What’s America’s favorite federal agency? Apparently it’s the U.S. Postal Service. Beyond the rate hikes, job cuts, hemorrhaging finances, processing center closures, union tensions and persistent calls for reform, a large majority of people—72 percent—think USPS does an “excellent” or “good” job. That’s a significantly higher rating than the next highest runner up, the FBI, at 58 percent, according to a new Gallup poll assessing American’s perceptions of 13 agencies.
Four of the 13 agencies included in the poll—Postal Service, the Secret Service, the Federal Emergency Management Agency and the Veterans’ Affairs Department—were rated for the first time.
Perhaps most striking was the fact that two agencies rated lower in Americans’ esteem than the scandal-plagued Internal Revenue Service, which may have the most onerous mission among federal agencies—parting people from their money. While only 41 percent of respondents thought IRS was doing a good to excellent job, fewer thought the Federal Reserve Board or Veterans Administration were doing excellent to good work, 38 percent and 29 percent, respectively.
According to Gallup, “Although Americans have highly negative opinions of the federal government overall, they are more likely to give positive than highly negative ratings for many of the agencies that make up the federal government. Of the 13 agencies tested in the latest poll, Americans gave only the VA a net negative rating, and that may very well be a much more negative image than was the case in the past due to the controversy over medical care for veterans.”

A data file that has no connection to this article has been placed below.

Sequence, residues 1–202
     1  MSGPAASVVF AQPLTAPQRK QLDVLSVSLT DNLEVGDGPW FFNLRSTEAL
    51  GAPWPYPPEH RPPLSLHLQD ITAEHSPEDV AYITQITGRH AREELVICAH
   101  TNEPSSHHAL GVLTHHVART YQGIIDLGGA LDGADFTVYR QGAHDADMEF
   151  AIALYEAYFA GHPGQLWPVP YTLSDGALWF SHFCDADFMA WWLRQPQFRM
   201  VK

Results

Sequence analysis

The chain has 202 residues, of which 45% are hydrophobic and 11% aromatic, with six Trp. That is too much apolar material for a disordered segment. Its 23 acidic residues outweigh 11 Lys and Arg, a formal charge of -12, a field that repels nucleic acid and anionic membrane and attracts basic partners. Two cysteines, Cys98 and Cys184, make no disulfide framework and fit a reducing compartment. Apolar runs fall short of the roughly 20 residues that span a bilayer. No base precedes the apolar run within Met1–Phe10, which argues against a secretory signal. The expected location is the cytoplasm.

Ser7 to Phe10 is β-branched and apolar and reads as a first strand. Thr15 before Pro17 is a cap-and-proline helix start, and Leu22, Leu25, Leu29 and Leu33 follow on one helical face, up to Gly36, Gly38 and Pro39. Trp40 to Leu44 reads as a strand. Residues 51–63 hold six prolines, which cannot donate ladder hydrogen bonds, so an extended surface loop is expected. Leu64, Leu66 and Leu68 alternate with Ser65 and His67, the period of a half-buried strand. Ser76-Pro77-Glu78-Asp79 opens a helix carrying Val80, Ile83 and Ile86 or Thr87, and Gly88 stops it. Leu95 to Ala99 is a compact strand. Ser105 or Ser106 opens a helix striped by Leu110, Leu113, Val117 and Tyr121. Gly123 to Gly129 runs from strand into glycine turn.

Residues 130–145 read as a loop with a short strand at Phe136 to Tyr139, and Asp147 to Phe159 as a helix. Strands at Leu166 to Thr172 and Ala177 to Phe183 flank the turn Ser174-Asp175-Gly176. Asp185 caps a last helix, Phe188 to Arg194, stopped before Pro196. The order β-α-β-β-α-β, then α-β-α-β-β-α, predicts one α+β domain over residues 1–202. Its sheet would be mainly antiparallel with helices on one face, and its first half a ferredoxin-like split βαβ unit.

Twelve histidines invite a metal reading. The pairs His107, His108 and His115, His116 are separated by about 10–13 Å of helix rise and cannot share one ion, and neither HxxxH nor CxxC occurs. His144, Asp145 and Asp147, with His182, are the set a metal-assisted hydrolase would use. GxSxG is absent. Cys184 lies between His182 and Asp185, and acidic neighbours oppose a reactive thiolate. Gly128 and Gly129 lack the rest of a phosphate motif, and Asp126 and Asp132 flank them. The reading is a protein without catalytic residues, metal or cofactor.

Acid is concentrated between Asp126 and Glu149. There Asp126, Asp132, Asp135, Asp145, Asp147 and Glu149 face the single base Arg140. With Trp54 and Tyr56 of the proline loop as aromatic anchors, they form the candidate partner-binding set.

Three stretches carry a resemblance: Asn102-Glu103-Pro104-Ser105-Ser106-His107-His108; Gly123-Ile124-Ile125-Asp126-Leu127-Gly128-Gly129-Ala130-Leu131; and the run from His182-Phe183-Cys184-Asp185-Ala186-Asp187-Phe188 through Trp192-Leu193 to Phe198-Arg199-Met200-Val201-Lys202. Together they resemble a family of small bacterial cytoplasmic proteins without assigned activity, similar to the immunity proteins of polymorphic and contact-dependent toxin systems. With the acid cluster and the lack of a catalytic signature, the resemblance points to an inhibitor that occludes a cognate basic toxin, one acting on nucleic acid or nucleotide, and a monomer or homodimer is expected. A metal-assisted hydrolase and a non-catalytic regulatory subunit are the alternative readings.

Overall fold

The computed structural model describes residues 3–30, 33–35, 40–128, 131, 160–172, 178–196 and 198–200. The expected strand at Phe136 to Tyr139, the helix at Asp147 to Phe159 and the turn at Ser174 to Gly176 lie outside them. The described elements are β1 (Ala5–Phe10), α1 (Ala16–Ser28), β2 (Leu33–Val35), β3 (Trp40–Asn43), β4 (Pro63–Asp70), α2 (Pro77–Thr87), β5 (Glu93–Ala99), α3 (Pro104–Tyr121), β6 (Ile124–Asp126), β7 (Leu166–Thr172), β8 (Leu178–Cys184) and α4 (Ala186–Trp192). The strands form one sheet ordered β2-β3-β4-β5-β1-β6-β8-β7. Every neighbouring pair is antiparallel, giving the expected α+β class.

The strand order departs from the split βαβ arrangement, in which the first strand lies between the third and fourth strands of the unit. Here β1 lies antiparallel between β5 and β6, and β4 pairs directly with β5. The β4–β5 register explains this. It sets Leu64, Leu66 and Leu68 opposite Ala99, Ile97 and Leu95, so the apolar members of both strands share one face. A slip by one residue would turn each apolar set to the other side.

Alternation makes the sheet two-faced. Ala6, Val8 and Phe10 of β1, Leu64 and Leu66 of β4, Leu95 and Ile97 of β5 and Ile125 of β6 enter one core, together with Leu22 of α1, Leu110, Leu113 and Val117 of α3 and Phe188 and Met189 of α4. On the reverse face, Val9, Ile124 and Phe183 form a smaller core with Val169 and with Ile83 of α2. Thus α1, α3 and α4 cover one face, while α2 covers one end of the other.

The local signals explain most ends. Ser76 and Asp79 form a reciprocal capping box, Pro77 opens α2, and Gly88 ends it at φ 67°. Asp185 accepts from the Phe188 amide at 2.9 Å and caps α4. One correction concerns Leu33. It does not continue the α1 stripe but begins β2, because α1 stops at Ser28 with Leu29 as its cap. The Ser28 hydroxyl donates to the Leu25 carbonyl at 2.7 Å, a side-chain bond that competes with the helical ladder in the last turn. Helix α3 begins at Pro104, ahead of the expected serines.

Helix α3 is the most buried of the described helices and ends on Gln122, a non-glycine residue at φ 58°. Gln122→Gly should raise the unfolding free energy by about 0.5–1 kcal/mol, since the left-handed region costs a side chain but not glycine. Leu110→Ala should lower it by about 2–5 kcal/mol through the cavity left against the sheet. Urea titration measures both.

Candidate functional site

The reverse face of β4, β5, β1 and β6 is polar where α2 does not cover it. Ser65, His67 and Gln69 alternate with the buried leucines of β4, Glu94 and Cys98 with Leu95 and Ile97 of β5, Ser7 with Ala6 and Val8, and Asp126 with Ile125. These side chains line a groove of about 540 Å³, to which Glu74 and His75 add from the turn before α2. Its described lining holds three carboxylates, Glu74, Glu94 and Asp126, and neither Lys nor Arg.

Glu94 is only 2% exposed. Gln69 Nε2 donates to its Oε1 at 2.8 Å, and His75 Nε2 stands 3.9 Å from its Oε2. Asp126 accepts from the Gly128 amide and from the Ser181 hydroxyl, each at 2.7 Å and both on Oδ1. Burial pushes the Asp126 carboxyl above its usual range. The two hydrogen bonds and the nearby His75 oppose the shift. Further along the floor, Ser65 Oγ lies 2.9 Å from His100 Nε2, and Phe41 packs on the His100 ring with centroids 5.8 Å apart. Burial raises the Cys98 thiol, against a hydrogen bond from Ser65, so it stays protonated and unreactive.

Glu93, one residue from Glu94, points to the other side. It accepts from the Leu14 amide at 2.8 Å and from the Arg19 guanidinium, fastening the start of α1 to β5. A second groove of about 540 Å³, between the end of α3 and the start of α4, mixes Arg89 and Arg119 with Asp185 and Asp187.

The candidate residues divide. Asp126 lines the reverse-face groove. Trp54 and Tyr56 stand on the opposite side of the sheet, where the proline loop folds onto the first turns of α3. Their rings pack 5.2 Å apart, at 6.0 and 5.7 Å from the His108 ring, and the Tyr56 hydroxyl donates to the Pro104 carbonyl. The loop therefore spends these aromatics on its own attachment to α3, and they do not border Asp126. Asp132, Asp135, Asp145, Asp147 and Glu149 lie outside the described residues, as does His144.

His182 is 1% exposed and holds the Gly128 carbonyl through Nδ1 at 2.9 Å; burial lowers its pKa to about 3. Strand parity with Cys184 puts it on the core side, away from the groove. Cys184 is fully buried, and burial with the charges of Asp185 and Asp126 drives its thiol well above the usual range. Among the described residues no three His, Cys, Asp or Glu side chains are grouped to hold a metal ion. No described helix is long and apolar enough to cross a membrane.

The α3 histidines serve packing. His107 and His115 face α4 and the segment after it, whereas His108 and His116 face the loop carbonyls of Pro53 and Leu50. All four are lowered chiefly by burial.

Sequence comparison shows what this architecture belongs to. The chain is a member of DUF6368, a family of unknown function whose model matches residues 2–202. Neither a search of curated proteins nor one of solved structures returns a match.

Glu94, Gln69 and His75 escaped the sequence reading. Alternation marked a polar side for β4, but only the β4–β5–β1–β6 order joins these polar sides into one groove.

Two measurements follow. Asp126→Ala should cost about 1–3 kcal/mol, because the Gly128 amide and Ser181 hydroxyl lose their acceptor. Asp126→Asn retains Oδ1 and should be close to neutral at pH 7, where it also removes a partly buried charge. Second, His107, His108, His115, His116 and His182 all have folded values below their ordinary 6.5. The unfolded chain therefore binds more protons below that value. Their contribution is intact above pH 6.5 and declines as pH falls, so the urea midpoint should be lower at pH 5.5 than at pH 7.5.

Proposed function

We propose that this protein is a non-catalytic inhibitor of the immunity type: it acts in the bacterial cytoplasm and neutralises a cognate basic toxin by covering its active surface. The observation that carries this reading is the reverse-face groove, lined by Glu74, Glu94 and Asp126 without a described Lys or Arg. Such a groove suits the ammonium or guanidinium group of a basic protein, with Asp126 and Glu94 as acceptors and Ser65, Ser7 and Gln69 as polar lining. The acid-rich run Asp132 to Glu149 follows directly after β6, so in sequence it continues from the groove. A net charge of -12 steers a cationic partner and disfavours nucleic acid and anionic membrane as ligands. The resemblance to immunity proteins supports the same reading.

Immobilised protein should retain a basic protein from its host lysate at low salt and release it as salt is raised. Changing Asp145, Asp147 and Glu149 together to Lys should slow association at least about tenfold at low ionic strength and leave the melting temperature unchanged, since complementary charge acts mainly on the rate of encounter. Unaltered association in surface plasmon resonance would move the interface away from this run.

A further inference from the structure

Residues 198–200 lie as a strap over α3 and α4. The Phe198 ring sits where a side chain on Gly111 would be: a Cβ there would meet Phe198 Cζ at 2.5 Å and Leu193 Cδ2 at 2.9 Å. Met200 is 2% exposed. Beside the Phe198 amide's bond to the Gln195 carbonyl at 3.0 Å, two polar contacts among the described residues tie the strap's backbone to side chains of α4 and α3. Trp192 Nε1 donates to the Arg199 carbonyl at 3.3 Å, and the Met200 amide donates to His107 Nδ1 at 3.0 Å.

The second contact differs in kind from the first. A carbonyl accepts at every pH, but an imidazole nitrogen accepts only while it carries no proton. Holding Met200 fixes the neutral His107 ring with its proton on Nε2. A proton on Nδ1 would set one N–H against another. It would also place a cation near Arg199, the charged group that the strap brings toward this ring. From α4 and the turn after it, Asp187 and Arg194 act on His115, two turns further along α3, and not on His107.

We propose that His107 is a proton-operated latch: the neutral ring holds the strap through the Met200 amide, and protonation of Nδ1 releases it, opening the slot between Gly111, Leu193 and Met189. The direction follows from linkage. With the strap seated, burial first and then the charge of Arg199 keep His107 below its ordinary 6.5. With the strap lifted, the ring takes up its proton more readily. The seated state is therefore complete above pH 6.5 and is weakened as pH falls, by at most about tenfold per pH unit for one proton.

It’s probably not a big surprise that Americans don’t think as highly of the Centers for Disease Control and Prevention as they did a year ago. CDC’s reputation took a beating after senior officials mismanaged the agency’s response to the deadly Ebola virus at U.S. hospitals. While 60 percent of Americans told Gallup pollsters last year CDC did an excellent or good job, only 50 percent said so this year. It was the only agency among nine that were measured in both years to show a decline.
What’s more surprising is that while CDC dropped 10 percentage points in Americans’ esteem, the IRS rose by 14 percentage points—the highest jump among the nine. That’s not to say the IRS is popular, but it’s a lot more popular than it was a year ago. In 2013, only 27 percent of Americans polled said the agency did an excellent or good job, but this year 41 percent gave the tax agency high marks. And IRS employees worried about their public image at least can be thankful they’re not working for VA or the Federal Reserve Board.
The Gallup poll was based on telephone interviews conducted Nov. 11-12 with a random sample of 1,020 adults, aged 18 and older, living in all 50 U.S. states and the District of Columbia. The margin of error is ±4 percentage points with a 95 percent confidence level.
You can read the full results here.